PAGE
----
The hot dog was delicious, but Copenhagen is full of flavor. A short walk north took me to Torvehallerne, a food market bursting with pan-global variety. There were tapas, sushi, charcuterie, fish and chips, pizza, superb coffee and loads of raw produce, with seafood so fresh I was convinced one turbot was winking at me. There were also delicate Danish open sandwiches, but the only sausages I saw were being sold by Lund, a butcher, for cooking at home.
It seemed as if Copenhagen might be getting too sophisticated for hot dogs, so I spoke to historian Allan Mylius Thomsen, veteran writer and author of a book about hot dog wagons, “Café Fodkold,” or “Cold Feet Cafe,” an old nickname. (“In Copenhagen, there’s a nickname for everything,” he says.) It details how the idea came from Germany but evolved in the 1950s thanks to American influence, most obviously in the form of ketchup.
Copenhagen had 500 hot dog wagons then; there were about 50 pre-pandemic, when the number was slowly increasing. “There have been a few more in recent years, particularly the organic sausages,” he told me on the phone. “In the 1950s, hot dogs were the only fast food, but there’s much more competition now, from Chinese food to shawarma.” (Numbers have dropped no further since the pandemic, Thomsen told me recently by email; in fact, he believes a few more organic options have opened.)
Mementos from around the world remind this writer of what he loves most about travel: Food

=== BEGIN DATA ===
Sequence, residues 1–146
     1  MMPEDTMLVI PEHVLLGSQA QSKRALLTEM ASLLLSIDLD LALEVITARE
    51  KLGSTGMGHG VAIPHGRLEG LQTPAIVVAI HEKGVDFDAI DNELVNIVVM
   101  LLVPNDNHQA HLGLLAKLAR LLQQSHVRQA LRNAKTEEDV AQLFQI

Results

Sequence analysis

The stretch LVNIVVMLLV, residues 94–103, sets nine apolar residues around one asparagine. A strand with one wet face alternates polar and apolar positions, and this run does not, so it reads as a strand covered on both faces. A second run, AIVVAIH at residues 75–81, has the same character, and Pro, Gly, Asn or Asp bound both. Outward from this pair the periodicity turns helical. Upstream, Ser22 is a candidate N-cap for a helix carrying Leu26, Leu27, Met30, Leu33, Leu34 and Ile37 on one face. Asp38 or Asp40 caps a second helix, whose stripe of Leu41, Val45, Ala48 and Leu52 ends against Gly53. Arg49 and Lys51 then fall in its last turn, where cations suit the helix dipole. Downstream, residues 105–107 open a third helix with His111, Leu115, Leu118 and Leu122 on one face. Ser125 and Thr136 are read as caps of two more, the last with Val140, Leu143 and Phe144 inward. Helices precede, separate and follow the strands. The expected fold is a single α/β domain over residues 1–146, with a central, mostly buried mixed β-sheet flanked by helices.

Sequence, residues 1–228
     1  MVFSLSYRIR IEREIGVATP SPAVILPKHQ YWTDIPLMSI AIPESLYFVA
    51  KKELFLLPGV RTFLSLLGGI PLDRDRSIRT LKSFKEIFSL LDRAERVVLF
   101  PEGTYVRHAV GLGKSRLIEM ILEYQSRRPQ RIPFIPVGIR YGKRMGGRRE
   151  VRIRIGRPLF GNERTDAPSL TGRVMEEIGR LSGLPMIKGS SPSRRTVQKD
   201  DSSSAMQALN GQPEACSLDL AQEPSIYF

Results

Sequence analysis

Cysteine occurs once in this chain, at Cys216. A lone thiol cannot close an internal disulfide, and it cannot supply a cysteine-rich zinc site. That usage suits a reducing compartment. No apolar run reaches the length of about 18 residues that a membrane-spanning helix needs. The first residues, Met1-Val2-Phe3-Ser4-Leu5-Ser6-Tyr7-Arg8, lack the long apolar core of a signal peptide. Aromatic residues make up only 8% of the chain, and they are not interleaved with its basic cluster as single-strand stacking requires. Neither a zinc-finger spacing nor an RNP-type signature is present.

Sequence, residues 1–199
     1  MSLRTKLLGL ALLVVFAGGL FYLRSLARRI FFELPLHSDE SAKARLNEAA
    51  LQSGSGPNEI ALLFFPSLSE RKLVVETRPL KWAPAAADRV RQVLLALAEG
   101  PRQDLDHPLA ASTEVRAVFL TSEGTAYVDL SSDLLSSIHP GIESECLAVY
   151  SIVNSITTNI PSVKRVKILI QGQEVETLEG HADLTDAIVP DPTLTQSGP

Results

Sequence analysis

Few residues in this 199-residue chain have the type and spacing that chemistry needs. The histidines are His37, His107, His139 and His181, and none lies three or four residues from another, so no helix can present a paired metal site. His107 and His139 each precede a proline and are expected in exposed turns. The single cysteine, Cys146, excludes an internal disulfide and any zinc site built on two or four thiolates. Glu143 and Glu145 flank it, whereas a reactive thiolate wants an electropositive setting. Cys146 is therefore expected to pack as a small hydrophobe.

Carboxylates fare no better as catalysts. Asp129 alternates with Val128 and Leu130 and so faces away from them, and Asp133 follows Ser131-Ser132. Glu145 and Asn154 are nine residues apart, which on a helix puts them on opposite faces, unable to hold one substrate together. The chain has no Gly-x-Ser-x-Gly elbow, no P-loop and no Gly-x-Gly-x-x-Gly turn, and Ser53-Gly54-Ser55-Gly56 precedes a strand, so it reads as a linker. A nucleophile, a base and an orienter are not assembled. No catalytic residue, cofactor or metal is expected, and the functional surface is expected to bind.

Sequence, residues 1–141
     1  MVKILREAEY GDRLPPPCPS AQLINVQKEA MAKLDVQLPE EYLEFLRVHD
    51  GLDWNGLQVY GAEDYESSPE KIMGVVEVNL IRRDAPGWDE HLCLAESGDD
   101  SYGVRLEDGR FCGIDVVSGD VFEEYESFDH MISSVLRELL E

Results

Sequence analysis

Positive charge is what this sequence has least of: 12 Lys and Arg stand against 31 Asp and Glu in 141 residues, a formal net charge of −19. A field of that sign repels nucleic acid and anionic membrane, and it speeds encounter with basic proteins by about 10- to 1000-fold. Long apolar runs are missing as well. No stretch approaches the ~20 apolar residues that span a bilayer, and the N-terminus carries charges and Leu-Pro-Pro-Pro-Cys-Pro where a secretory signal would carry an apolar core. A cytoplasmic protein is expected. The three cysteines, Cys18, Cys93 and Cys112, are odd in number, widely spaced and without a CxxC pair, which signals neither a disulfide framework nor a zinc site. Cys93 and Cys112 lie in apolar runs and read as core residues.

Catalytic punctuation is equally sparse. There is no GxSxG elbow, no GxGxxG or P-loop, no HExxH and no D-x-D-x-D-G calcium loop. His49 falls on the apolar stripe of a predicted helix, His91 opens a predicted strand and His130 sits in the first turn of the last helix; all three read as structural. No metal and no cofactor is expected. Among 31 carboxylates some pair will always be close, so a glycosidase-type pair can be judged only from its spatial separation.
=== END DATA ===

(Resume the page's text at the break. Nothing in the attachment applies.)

On Friday morning, I was hoping to witness an amusing ritual. Copenhagen’s hot dog wagons, pulled by tiny sit-on motors, chug to and from their pitch very slowly each evening and morning, and drivers are very accepting: Only a creep, one Dane told me, would honk at a hot dog wagon.
Alas, I was too late. I’d lingered too long in Ostre Anlaeg, a serene park close to the city center. By the time I got to Norreport at 10 a.m., Helle’s Polser had parked, and its owner was opening the hatch and clipping little Danish flags to the wagon. Down in Kultorvet, meanwhile, the owner of Peter’s Polser was carefully placing a tarpaulin over his wagon’s motor.
Never mind. At lunchtime, I headed for DOP, or Den Okologiske Polsemand (the Organic Hot Dog), near the Rundetaarn, a 17th-century tower in the city center. It’s a multi-award-winner, and I was looking forward to trying it. Two young women, Ida Muusmaan Vinglov and Lea Maria Persson, were serving, and they were happy to talk between orders. Vinglov said Danish people, who are typically quite reserved, tend to be more open at the hatch of a polsevogn.